Commentary eu aid for greece: from drama to farce

The Eurogroup is incapable of reaching agreement on the debt crisis. Greece is threatening to degenerate into a debt colony.

No matter how meticulously the flags are straightened, the relationship between the EU and Greece is fundamentally skewed Photo: dpa

In history, everything happens twice: once as a tragedy, the other time as a farce. The debt dispute over Greece, which is now once again occupying the Eurogroup in Brussels, is reminiscent of this famous Marx quote. As was the case a year ago, the creditors are deeply divided. As then, they are stalling Greece to distract attention from their own incompetence. Instead of immediately releasing the next loan tranche, Athens was put off until May 24.

Actually, Prime Minister Alexis Tsipras should now cry foul. Because he urgently needs fresh money – so urgently that he whipped the toughest pension cuts ever through parliament against massive protests. But instead, Tsipras is content. He says it’s a big step forward that the Eurogroup has finally talked about debt relief. Athens is now being rewarded for its efforts, the Syriza leader exults.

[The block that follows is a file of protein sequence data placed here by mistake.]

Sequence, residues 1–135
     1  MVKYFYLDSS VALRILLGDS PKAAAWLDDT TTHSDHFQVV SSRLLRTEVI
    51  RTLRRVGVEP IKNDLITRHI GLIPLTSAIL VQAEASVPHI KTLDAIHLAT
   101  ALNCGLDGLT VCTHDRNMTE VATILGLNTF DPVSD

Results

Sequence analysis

And this is where the farce begins: In reality, these debt relief measures will not come until 2018 – and then only in homeopathic doses. Before that, however, Tsipras is to adopt new, even tougher austerity measures – in advance. The cruelties are even to come automatically in the future: Tsipras is to sign a kind of enabling law for them. This is his biggest defeat since his turn from left-wing politician to austerity apostle. Now he not only has to implement last year’s tough austerity measures, but also generate surpluses.

Even the International Monetary Fund (IMF) does not believe that this can succeed. But IMF chief Christine Lagarde is also part of this farce. A year ago, she already called for a debt cut for Greece. Back then, she would have had the power to get her way and help Tsipras. This time, however, the child has long since fallen into the well. The debt burden continues to rise inexorably; today it is greater than ever. In fact, the IMF should no longer even be involved under these circumstances.

But Lagarde only threatens to pull out of the aid program. She is barking instead of biting. The big question now is whether the IMF will stay on board, even though the Eurogroup does not want a real debt cut. If so, the farce can continue. Brussels wants to continue the austerity course until 2060 – under the guise of generous aid, of course. If that becomes reality, Greece will finally degenerate into a debt colony. And if no? If the IMF says "bye, bye"? Then the whole thing could end up as a tragedy after all. Because without the IMF, Germany no longer wants to help either. Then there would be a big bang, and the undignified theater would be over. Whether Greece would be better off afterwards is another matter.